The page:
Barrick Gold Corporation
Who would have believed some 20 years ago – when Bristow was due to be fired by hatchet man, Peter Flack, following the hostile takeover of Randgold & Exploration – that he would become arguably the most powerful executive in global gold mining? That is what he now is following the merger between Randgold Resources and Barrick Gold at the end of 2018. Looking back at the development of Randgold Resources from an exploration tiddler owning one dodgy gold mine – Syama – into the most consistently profitable gold operation in the industry, you can see that Bristow had one essential requirement for success. He was – and still is – a workaholic. Offsetting that was Bristow’s hard-core lifestyle which, at times, looked like forcing an early retirement on him. He loves motor cycles, but broke his back in an accident going scrambling off-road in west Africa and, in 2017 he underwent major open-heart surgery. Either incident would probably have forced a less-driven person to ease off, but Bristow has kept the pedal to the metal. So far, the merger has worked out. He is imposing his Randgold vision at Barrick, completely overhauling the corporate culture with one of accountability and problem solving, removing the dead wood, promoting fresh, younger people with modern skill sets. One highlight was dealing with a nasty thorn in Barrick’s flesh which was the confrontation with the Tanzanian government over subsidiary Acacia Mining. Bristow also embarked on a non-core asset disposal process selling Massawa in Senegal as well as the firm’s stake in Kalgoorlie Consolidated Mines. Speculation Barrick also wanted to exit Lumwana, the Zambian copper mine, may be unfounded with Bristow recently expressing his interest in the copper industry’s strategic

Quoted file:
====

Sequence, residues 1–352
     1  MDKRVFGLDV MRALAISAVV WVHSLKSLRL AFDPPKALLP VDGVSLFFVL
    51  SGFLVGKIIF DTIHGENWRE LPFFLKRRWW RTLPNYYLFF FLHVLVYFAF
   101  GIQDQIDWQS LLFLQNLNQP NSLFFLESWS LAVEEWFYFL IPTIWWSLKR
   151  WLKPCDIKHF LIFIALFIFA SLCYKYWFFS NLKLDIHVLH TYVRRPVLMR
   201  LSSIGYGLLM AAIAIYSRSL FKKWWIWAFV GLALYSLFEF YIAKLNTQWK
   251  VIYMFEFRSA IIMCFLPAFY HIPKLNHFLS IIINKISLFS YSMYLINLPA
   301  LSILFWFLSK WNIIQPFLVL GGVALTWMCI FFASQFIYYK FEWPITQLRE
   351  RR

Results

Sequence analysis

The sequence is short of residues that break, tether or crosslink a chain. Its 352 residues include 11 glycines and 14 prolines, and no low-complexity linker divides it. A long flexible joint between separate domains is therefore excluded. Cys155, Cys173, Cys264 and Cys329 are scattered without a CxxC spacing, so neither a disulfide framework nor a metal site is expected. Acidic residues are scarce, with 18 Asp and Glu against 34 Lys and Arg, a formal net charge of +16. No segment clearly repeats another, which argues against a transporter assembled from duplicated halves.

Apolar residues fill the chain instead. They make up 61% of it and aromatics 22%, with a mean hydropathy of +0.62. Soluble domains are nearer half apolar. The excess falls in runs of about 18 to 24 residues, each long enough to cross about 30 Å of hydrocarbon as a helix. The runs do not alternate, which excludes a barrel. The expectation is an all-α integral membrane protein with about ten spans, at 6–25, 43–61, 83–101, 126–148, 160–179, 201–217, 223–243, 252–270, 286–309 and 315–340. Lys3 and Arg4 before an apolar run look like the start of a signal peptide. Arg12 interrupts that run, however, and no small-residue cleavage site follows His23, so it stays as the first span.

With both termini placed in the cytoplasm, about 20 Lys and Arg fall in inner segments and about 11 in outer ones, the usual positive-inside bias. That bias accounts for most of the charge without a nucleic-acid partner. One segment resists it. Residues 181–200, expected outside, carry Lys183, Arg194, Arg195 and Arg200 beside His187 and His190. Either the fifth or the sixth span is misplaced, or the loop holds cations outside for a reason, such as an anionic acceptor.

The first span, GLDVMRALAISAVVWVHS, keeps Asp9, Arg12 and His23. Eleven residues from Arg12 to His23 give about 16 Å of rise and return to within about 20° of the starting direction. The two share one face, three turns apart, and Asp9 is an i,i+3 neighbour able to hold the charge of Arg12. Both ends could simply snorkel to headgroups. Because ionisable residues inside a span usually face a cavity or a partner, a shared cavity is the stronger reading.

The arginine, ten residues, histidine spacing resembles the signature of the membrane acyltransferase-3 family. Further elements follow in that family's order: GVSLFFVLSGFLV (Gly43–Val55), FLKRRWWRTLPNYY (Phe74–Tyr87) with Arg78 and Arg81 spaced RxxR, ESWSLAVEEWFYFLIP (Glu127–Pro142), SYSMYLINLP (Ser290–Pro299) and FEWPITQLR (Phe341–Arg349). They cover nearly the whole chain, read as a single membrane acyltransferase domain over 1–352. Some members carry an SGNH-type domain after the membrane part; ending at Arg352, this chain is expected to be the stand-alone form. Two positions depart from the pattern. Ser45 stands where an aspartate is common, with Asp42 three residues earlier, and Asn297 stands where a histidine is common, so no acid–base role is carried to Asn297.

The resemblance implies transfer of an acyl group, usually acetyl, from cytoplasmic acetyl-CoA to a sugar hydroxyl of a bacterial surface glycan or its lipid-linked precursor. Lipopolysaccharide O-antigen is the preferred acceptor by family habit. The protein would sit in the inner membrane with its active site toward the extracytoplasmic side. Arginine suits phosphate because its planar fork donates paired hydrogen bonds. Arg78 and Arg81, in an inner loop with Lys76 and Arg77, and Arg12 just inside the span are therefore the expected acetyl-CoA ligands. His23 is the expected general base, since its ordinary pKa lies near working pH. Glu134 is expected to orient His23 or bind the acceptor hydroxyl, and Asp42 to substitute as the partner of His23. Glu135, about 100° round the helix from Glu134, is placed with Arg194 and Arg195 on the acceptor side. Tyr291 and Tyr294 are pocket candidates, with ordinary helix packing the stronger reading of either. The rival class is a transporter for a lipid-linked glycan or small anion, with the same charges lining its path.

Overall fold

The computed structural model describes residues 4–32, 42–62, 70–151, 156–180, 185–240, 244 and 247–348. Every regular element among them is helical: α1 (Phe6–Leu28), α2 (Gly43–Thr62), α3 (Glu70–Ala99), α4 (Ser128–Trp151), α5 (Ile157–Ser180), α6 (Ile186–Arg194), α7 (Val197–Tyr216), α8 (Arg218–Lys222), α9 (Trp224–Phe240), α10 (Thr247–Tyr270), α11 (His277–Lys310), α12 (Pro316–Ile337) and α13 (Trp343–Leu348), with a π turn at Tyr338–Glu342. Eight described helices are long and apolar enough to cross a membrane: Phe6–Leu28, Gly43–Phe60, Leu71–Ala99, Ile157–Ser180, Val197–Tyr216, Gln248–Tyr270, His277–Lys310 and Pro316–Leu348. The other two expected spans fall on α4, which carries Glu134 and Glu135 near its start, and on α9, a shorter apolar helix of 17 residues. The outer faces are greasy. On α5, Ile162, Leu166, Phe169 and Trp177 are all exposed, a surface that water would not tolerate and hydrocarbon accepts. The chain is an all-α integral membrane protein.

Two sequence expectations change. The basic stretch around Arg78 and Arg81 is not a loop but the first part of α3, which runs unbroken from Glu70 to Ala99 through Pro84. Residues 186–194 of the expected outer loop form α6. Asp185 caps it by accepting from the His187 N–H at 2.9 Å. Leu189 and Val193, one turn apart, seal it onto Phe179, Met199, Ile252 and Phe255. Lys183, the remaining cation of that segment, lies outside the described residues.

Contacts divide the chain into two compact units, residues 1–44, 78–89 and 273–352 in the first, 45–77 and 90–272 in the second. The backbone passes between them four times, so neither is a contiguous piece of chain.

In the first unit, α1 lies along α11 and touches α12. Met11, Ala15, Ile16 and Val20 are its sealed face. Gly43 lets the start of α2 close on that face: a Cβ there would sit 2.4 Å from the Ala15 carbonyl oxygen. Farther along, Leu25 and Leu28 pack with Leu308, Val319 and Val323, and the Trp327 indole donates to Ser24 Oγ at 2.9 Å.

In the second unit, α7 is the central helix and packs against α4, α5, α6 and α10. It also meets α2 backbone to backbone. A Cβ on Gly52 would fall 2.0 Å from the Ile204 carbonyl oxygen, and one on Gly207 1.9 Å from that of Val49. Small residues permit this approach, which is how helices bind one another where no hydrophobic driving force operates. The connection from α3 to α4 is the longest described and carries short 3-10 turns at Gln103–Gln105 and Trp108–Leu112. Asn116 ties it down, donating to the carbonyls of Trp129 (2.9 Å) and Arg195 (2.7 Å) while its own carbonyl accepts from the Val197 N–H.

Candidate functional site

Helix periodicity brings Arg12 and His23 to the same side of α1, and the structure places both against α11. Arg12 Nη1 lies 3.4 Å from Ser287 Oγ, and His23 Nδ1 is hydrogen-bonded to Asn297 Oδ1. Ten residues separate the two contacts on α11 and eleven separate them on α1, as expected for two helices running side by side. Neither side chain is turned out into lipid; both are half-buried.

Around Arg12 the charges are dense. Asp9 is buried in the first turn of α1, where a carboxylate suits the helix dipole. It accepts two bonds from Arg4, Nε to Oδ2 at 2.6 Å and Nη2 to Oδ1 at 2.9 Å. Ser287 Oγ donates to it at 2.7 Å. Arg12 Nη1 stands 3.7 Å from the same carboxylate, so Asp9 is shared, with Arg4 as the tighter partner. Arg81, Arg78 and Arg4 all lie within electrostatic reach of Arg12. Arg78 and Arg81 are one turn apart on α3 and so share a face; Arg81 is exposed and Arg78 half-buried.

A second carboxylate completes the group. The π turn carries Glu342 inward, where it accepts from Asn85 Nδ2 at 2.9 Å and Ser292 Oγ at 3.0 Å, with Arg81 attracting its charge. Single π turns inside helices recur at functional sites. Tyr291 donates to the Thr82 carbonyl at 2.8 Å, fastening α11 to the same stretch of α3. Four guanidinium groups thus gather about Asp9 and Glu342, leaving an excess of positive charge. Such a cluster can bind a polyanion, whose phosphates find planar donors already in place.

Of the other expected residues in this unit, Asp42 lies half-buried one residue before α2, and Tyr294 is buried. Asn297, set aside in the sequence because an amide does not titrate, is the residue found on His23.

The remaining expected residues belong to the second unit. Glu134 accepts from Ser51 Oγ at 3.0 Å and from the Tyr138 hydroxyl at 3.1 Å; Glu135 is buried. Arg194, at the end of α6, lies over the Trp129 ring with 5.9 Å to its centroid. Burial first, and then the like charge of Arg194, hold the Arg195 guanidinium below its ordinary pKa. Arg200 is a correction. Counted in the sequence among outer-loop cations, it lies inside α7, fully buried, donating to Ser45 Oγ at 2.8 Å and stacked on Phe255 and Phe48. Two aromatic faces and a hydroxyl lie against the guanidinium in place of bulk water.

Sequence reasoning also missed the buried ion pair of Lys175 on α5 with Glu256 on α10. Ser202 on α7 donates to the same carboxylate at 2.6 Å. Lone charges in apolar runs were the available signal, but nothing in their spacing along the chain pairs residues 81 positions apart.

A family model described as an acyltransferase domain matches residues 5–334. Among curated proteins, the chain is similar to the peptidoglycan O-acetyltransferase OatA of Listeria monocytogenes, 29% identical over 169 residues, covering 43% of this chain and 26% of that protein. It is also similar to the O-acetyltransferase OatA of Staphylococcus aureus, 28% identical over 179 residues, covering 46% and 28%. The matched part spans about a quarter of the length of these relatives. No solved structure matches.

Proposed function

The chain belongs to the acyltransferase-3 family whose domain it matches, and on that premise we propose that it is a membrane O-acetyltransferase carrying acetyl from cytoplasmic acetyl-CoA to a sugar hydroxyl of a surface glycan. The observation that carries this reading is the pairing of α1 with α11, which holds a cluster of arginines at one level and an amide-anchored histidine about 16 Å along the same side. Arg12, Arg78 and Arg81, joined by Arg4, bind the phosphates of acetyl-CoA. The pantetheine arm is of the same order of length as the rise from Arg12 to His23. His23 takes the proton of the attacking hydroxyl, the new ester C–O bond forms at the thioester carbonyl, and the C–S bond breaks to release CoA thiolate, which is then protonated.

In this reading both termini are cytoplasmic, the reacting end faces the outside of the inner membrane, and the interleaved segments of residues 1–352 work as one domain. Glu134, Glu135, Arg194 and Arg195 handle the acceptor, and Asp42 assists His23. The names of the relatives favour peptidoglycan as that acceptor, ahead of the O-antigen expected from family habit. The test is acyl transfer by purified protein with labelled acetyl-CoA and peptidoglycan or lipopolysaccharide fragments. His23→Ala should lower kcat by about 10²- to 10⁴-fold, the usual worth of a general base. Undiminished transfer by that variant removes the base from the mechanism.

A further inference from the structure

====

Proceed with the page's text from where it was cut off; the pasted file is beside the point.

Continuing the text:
"What I’m looking for is a whole cadre of leaders running their businesses in parallel so you create an enormously agile operation."
Life of Mark Bristow
Bristow is a geologist holding a PhD from the University of Natal. He first came to public notice during the takeover battle for his then employer Randgold & Exploration which was targeted by London financier, the late Julian Baring. Bristow dared to fight back in public criticising Baring’s front man, Peter Flack, who – in his own words – was “looking forward” to firing Bristow personally after the takeover. At that confrontational meeting, Bristow convinced Flack that he had a workable plan for gold exploration in west Africa. The rest, as they say, is history. Bristow does not suffer fools gladly and – unlike most mining industry executives – is seriously outspoken. He calls a spade a @#$%# shovel and famously criticised Barrick for years before teaming up with it.